A nationwide study revealed an unexpected reversal of trends: The American ‘Baby Boomer’ generation scored lower in large-scale cognitive testing than members of older generations.
The cognitive health of adults aged 50 or older has traditionally improved from one generation to another. American Baby Boomers mark the first reversal in that trend: The generation born between 1948 and 1959 are showing unexpectedly lower cognitive function in their 60s and early 70s than their predecessors.
Hui Zheng, lead author of a nationwide study published this summer in Journals of Gerontology: Social Sciences, surveyed 30,191 American participants of the 1996–2014 Health and Retirement Study and found a decline in cognitive functioning in all groups of Boomers regardless of gender, race, education or income level.
Between 1996 and 2014, the researchers administered a 35-point cognitive test every two years to people over 51 years old. Participants completed cognitive screens in which they performed various task such as recalling words they had heard earlier, counting down from 100 by 7s, and naming objects they were shown.
Findings showed that average cognition scores of adults aged 50 and older increased from generation to generation, beginning with the Greatest Generation (b. 1890-1923) and peaking among War Babies (b. 1942-1947). Scores began to decline in the early Baby Boomers (b. 1948-1953) and decreased further in the mid Baby Boomers (b. 1954-1959).
The researchers found slightly lower declines among the wealthiest and most highly educated of the cohort, but the differences weren’t notable enough to offset that Boomers’ cognitive health sets them apart.
“Baby boomers already start having lower cognition scores than earlier generations at age 50 to 54,” Zheng, a professor of sociology at Ohio State University, said in a news release. “It is shocking to see this decline in cognitive functioning among Baby Boomers after generations of increases in test scores.”
Often, poor cognitive conditions in adulthood are linked to childhood health and lifestyle factors, but Zheng said Boomers’ childhood health was as good as or better than previous generations and that they generally came from families of higher socioeconomic status with higher levels of education, which can impact cognitive health in the long run.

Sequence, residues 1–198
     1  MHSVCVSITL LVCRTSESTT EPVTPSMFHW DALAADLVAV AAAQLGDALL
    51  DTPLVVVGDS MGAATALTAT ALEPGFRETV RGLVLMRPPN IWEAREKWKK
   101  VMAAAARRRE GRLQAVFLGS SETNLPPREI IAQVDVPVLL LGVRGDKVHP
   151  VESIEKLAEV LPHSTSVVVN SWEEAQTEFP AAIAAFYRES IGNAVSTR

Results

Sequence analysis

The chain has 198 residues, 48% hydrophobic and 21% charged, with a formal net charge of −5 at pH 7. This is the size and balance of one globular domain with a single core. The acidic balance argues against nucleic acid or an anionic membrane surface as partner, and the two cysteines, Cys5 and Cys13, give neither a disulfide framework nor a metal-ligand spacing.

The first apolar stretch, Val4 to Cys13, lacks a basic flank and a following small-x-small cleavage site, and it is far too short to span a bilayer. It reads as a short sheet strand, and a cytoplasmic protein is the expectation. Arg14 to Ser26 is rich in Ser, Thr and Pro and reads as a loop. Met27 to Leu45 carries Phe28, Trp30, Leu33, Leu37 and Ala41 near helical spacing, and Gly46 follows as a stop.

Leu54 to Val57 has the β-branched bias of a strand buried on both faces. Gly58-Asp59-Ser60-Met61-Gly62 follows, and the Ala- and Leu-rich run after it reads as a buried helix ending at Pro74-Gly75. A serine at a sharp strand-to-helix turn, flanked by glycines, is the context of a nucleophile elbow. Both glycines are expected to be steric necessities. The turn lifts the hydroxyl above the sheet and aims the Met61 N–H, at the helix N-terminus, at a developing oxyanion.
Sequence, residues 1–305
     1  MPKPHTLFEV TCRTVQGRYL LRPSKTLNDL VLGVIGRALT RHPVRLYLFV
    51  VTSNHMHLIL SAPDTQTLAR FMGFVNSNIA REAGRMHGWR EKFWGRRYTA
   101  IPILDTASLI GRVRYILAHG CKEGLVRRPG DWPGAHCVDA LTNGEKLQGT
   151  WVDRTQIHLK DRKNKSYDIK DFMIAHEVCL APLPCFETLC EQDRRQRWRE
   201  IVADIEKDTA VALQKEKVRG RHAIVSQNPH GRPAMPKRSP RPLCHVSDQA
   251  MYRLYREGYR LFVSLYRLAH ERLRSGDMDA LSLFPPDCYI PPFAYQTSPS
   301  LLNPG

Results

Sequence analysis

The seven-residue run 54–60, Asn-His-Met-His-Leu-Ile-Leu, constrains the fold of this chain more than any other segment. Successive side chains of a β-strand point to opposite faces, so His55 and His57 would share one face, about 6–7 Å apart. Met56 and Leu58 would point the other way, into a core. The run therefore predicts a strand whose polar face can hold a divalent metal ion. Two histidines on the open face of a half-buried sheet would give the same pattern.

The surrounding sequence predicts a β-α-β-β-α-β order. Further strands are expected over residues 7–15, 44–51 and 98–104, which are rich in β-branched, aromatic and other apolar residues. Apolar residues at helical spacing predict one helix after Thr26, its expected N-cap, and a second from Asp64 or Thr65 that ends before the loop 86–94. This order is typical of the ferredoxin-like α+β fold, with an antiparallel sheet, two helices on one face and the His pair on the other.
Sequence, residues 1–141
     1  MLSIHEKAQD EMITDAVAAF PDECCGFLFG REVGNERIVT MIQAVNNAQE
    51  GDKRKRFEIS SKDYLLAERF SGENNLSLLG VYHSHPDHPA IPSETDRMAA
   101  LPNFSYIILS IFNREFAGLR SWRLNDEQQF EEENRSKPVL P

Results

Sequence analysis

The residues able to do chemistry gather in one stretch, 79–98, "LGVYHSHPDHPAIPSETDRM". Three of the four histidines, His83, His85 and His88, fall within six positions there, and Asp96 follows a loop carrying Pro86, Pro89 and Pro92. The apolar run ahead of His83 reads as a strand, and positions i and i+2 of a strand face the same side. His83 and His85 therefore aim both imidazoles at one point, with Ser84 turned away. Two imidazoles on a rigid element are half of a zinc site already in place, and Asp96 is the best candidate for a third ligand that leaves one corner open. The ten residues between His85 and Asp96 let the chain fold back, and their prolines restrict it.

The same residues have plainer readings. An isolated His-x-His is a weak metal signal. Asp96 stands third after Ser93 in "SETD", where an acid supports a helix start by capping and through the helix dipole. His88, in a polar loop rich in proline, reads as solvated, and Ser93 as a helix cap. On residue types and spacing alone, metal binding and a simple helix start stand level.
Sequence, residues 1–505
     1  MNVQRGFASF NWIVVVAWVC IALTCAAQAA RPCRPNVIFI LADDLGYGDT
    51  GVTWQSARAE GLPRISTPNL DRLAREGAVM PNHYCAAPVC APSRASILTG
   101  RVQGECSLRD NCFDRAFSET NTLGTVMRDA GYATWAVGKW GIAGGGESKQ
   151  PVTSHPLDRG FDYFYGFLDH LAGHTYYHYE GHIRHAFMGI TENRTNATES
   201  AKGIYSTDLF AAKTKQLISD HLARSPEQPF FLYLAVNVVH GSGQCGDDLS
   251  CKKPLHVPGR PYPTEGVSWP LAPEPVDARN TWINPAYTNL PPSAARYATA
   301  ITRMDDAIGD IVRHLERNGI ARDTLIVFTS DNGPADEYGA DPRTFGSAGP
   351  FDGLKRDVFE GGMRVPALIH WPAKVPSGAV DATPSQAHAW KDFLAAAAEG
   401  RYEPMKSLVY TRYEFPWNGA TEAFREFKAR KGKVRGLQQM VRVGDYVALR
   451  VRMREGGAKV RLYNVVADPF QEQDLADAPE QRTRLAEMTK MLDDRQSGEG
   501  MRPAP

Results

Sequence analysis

Zheng added that he did not expect to find that these factors would have little to no bearing on test performance within the Boomer group: “The decline in cognitive functioning that we’re seeing does not come from poorer childhood conditions,” Zheng said. “What was most surprising to me is that this decline is seen in all groups: men and women, across all races and ethnicities and across all education, income and wealth levels … The declines were only slightly lower among the wealthiest and most highly educated.”
Zheng’s team also compared cognition scores within each age group across generations so that scores were not skewed by older people who tend to have poorer cognition. Even in this analysis, Boomers scored lowest as a group.
What Factors Are Affecting Boomer Brain Health?
Lower wealth, living without a spouse, being married more than once in their lives, having psychiatric problems and physical health issues including cardiovascular risk factors like strokes, hypertension, heart disease and diabetes are all Alzheimer’s and dementia risk factors, and were all also found by Zheng to be associated with lower cognitive function among Boomer study participants.
“If it weren’t for their better childhood health, more favorable family background, more years of education and higher likelihood of having a white-collar occupation, baby boomers would have even worse cognitive functioning,” he said.
While the prevalence of dementia has declined recently in the U.S., Zheng said the data suggests this trend may reverse in the decades to come.